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Nanotechnology and Visible Light

By Raymond Serrano

University of Texas at El Paso

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Abstract

This submission is an undergraduate project by Raymond Serrano, a chemistry student at UTEP. Raymond has been a nanoHUB student for one year.

In addition to being factor of scale, nanoscience is also defined by the changes in the physical and chemical properties the nanoparticles. This presentation focuses on the optical properties of nanoparticles. The presentation and accompanying paper are designed for Jr. High students.

Bio

My name is Raymond Serrano and I was born on September 9, 1975 to Juan and Carmen Serrano.

I graduated from Andress High School in 1995 and continued my education at El Paso Community College (EPCC) and the University of Texas at El Paso (UTEP). I graduated from EPCC in 2002 with an Associate’s Degree in Electronics Technology. I am currently working towards a Bachelor’s of Science Degree in Chemistry at UTEP and plan to graduate in the fall semester of 2007. I am also an active member of the UTEP chapter of the American Chemical Society Student Affiliates. I hope to one day work for the United States government in forensics or in nanotechnology. I spend most of my time studying at UTEP, so I do take full advantage of my spare time.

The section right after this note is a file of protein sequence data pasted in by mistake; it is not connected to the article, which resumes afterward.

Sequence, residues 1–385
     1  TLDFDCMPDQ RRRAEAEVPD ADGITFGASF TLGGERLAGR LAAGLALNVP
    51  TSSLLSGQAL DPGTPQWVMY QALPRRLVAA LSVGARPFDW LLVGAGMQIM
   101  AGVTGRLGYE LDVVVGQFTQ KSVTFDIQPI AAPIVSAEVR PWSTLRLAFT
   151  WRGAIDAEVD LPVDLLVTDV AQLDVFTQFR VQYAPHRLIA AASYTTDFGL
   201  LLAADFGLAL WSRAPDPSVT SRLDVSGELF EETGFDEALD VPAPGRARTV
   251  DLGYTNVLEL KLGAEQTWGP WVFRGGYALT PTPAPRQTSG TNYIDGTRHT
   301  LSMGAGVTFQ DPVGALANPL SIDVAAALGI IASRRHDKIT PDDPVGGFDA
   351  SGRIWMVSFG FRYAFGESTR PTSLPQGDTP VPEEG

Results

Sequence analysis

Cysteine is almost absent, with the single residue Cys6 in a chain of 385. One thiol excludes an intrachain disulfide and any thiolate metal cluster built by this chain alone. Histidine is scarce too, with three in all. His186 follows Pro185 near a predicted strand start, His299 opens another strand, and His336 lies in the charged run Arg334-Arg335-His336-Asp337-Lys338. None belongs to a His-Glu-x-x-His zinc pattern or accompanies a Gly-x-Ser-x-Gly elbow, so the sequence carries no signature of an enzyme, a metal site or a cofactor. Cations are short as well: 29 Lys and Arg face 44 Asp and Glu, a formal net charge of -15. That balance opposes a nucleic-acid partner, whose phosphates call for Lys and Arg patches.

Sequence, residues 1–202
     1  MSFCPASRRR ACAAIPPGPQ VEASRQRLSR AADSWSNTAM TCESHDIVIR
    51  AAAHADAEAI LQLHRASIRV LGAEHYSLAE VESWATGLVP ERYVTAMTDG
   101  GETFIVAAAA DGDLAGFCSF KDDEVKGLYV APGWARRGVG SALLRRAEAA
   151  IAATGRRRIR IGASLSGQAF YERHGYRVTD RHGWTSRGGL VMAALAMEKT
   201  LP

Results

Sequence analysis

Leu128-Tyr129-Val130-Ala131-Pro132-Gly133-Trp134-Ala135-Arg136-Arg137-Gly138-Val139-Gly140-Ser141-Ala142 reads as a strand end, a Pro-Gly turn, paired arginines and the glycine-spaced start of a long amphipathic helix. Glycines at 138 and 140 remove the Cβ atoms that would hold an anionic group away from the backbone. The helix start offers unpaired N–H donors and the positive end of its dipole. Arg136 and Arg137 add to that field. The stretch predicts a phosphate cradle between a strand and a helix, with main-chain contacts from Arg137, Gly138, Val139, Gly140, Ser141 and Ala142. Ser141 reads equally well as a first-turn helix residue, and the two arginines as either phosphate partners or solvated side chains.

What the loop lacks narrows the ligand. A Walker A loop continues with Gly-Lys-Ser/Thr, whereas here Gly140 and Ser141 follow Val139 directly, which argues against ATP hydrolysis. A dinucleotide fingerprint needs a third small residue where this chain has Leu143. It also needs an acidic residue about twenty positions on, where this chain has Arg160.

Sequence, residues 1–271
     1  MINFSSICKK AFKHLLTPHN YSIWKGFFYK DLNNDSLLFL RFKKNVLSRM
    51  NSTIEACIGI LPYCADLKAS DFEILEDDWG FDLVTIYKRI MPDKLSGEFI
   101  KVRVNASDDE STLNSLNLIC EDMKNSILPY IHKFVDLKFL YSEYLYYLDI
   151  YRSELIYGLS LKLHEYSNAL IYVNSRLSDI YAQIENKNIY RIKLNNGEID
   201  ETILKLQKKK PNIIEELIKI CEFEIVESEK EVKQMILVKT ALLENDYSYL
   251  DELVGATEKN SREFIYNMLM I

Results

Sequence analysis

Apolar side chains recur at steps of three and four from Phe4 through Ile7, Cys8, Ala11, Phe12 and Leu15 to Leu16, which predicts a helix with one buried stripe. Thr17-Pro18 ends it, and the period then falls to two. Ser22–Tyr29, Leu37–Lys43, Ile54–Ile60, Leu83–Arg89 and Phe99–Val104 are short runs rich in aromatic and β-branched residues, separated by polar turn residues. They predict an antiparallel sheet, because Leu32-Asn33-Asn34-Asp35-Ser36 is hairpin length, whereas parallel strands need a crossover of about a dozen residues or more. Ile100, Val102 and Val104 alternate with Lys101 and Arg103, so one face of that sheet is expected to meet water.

Hobbies that I enjoy are coin collecting, watching sports like football and basketball, and reading fiction books. My favorite teams are the Green Bay Packers and the San Antonio Spurs. When the season permits I love to have some family time just camping and fishing in the mountains.

Sponsored by

The Network for Computational Nanotechnology

Cite this work

Researchers should cite this work as follows:

  • Raymond Serrano (2006), "Nanotechnology and Visible Light," https://nanohub.org/resources/2118.

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nanoHUB.org, a resource for nanoscience and nanotechnology, is supported by the National Science Foundation and other funding agencies. Any opinions, findings, and conclusions or recommendations expressed in this material are those of the author(s) and do not necessarily reflect the views of the National Science Foundation.